On the extreme of over paid is Joe Martori, CEO at ILX Resorts who should have made $2,000 instead of $471,000. On the extreme of under paid is Jon Bortz, who should have made $4,028,000 instead of his actual pay of $1,901,000.
It appears that the Sunstone compensation committee did an excellent job of programming executive pay. Let’s compare our results to the compensation philosophy at Sunstone to see if it was good design or luck that played a role in Mr. Alter’s actual pay. The Sunstone compensation philosophy states that, “the compensation program is designed to reward performance relative to financial and other metrics that result in favorable total shareholder returns, both in terms of absolute appreciation in the value of our shares, and in terms of relative performance as compared to our peers, taking into consideration our competitive position with the real estate industry and each executive’s long-term career contributions to the company”.
Each component of Mr. Alter’s pay has a philosophical approach. Annual base salary is benchmarked against a peer group (Hotel Real Estate Companies). The annual incentive bonus is based on metrics of return on investment, adjusted FFO per share and subjective and objective individual performance. We prefer less subjective metrics but it looks as if Sunstone got it right. Sunstone’s annual equity incentive awards are “based on the achievement of corporate and individual performance criteria and made in the next calendar year”. Because the awards are granted only if performance criterion is met, total annual compensation is highly correlated to company performance. It is clear that proper program design and not luck is attributable to Alter’s pay.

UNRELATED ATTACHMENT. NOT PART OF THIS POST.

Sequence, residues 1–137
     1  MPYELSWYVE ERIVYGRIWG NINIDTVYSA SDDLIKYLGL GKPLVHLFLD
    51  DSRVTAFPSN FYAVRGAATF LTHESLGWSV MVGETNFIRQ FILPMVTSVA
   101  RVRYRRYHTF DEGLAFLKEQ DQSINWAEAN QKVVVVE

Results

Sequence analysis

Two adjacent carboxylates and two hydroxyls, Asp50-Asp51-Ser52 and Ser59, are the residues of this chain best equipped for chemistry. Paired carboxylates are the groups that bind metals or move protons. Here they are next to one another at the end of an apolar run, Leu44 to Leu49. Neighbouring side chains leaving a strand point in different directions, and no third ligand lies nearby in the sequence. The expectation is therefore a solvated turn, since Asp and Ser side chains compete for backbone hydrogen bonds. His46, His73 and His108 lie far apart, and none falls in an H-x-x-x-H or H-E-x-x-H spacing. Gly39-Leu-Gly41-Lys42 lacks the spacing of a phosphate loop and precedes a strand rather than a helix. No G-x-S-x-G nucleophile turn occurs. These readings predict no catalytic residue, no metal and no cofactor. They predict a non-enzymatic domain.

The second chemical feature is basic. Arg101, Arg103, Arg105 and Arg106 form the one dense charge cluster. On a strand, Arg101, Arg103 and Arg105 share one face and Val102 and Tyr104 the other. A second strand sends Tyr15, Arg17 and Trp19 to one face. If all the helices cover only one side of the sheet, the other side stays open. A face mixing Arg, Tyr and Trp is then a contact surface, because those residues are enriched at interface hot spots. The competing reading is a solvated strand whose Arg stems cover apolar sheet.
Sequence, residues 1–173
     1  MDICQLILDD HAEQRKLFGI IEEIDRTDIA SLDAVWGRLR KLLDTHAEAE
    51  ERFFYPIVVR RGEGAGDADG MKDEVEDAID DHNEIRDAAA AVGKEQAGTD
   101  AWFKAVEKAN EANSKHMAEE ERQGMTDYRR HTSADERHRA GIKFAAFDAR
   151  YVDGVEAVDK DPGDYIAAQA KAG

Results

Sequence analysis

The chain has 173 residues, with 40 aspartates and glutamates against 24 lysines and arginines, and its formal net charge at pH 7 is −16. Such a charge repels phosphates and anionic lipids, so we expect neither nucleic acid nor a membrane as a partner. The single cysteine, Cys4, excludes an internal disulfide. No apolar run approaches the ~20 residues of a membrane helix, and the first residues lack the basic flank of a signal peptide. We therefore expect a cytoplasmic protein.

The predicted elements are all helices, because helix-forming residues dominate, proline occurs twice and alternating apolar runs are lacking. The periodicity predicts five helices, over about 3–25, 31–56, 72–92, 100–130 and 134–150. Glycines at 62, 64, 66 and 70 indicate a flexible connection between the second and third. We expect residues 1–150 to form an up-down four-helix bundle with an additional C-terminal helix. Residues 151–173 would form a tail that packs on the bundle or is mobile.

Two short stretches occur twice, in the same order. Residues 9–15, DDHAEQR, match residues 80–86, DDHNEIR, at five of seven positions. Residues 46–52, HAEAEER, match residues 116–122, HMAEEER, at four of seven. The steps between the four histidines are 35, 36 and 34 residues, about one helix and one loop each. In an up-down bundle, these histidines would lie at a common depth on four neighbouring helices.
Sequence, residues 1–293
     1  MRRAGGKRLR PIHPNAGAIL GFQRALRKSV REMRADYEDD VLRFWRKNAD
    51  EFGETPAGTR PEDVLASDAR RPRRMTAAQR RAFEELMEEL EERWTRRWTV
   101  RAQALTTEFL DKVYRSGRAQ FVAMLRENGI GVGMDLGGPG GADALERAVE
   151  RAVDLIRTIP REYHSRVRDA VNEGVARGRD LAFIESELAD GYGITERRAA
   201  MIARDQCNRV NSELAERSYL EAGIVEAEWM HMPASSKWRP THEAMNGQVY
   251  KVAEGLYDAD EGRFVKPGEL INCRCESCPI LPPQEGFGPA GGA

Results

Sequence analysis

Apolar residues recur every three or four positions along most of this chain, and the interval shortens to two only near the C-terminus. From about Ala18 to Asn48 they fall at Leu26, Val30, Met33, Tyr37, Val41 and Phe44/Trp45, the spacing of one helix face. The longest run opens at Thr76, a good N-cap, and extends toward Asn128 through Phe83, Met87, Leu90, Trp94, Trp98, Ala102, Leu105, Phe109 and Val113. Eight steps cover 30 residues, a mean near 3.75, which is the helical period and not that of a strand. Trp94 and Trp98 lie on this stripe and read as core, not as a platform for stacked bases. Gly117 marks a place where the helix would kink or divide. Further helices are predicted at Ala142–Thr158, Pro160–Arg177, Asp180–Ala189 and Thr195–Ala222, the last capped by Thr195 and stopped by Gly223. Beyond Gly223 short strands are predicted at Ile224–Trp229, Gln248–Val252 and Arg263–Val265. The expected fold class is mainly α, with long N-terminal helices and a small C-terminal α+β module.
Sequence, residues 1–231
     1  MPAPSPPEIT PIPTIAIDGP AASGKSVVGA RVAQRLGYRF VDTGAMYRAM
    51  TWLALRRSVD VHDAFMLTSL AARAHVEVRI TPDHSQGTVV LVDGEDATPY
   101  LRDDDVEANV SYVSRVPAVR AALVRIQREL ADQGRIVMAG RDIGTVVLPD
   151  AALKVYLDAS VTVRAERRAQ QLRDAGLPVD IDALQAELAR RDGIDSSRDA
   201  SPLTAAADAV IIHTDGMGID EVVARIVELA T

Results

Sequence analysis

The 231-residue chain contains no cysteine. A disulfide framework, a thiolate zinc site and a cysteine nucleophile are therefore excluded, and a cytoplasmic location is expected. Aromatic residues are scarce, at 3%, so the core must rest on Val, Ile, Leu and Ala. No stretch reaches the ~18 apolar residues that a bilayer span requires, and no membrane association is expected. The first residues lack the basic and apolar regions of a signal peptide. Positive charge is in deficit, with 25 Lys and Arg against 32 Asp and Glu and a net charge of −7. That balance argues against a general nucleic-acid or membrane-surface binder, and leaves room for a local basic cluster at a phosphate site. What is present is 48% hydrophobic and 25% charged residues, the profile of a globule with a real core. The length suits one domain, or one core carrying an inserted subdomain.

Tying Performance to Compensation Components
As we have suggested throughout, company performance is measured by assessing financial and other measurable metrics. However this analysis is not enough. If, for example, the market suffers from an economic downturn where earnings and stock values plummet throughout an entire industry, a company’s measurable performance may be the worst it’s been in several years. But what if said company’s value fell 10% while the rest of those in its peer group plummeted 50%? By comparison, this company performed quite well. For this reason, we submit that proper planning ties each component of executive compensation (aside from base salary) to a peer group or industry norm, much like the program at Sunstone.